The upheavals of the twenty years between 1950 and 1970 would change...[the RBI] forever, from being a mere manager of the monetary system to an active participant in the development effort. It was asked to get off its high pedestal and wade in, as it were, into the messy work of getting a whole country going. It did, in a rather ill-tempered sort of way to begin with and then with more grace and cooperation.

Looking back, there really wasn’t much for the RBI to do for most of the 1950s. For the most part, it carried out routine functions, emerging in the process as a genuine central bank via control over the issuance of currency and manager of government debt. Its role in banking supervision was defined by the Banking Regulation Act of 1949. On the whole, the 1950s passed quietly enough.

India was still a very open economy throughout the 1950s and monetary policy did pose a problem because of rising prices and depleting foreign exchange reserves.

The RBI had to manage inflation and reserves and it did so quite creditably – until the Second Plan came along, when it ran full tilt into conflict with the government.

But between 1951 and 1957, the only significant thing of note was the departure from the policy followed since 1935 – of keeping the bank rate steady at three per cent. But alarmed by the possibility of inflation, in November 1951, it was raised to 3.5 per cent and resulted in the commercial banks increasing their lending rate to four per cent. The RBI also decided to stop buying government securities, after the government had agreed that it could do so. This, too, was a major departure from the previous fifteen years.

There was one new thing, however, that the RBI ventured into, an area no other central bank had, or has: rural credit. The RBI Act of 1934 had enjoined it to expand credit to agriculture because India was so predominantly agricultural. But the British had no particular preference for this – certainly not as much as independent India would have – and little effort was expended on expanding bank credit to farmers. Why bother when they could not repay?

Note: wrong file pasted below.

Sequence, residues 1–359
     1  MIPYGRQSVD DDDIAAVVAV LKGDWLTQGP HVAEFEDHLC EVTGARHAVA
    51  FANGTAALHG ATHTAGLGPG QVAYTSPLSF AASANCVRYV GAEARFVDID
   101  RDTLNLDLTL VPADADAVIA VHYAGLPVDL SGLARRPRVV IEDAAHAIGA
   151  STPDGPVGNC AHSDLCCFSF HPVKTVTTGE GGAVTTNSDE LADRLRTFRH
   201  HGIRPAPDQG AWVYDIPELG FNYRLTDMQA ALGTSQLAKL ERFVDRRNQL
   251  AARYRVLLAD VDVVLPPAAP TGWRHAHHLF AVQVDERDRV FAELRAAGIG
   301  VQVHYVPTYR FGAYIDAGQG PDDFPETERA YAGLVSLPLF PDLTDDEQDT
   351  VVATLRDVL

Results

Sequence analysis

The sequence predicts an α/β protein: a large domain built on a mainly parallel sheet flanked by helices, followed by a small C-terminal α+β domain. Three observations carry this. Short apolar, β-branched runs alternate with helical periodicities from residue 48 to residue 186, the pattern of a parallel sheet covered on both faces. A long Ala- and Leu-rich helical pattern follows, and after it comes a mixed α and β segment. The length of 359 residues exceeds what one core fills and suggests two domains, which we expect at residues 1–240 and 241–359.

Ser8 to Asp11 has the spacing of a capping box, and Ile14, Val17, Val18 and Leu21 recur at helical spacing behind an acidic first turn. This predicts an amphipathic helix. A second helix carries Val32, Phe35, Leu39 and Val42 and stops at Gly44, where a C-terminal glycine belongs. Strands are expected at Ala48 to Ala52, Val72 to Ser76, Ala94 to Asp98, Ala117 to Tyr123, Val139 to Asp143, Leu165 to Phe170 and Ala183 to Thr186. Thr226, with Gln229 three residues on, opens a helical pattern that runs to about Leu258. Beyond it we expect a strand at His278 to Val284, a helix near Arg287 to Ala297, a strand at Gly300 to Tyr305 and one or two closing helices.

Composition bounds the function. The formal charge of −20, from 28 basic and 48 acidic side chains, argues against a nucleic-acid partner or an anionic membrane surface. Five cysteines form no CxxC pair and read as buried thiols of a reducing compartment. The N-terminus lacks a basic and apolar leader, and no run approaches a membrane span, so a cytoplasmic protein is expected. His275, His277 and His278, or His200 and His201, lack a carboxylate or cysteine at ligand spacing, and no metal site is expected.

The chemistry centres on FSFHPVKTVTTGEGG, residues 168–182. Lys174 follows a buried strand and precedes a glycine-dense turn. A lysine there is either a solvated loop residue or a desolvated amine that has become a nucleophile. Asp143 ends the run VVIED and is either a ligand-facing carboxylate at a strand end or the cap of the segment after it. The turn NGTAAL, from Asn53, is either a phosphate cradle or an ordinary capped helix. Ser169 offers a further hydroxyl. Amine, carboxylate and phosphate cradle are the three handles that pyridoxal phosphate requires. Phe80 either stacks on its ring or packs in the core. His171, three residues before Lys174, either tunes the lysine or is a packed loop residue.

Even the appointment of CD Deshmukh as governor in 1943 did not bring about much of a change in attitude. To be sure, it had periodically set up committees to “look into” the problems of rural credit. But it was Deshmukh’s successor, Sir Benegal Rama Rau, who started pushing for it. The first All India Rural Credit Survey was carried out in 1951 and 1952 and published in 1953.

It was a valiant effort but came to nothing much because of a whole host of problems regarding the quality of the data collected and the methodology used. But there were two pieces of lasting harm it did: it brought the government and the RBI into the cooperative movement and it led directly to the nationalisation of the Imperial Bank which became the State Bank of India.

There was a great deal of intellectual as well as political support for it at the time but criticism, too. Not unnaturally, the RBI’s own subsequent and current assessment has been very positive and even self-congratulatory. The second volume of the official history of the RBI speaks in very laudatory terms of the efforts made by the RBI. The truth, however, is that the rural credit problem has still not gone away and the SBI has, of course, become a handmaiden of successive finance ministers.

But an even larger failure was lurking just round the corner.

...The government was anxious to step up the investment rate to get on with industrialisation. Congress members had been vocal in their demands for it. [Prime Minister Jawaharlal] Nehru was under pressure to start delivering. So in 1956, at Avadi the Congress decided to become the primary agency for promoting industrialisation.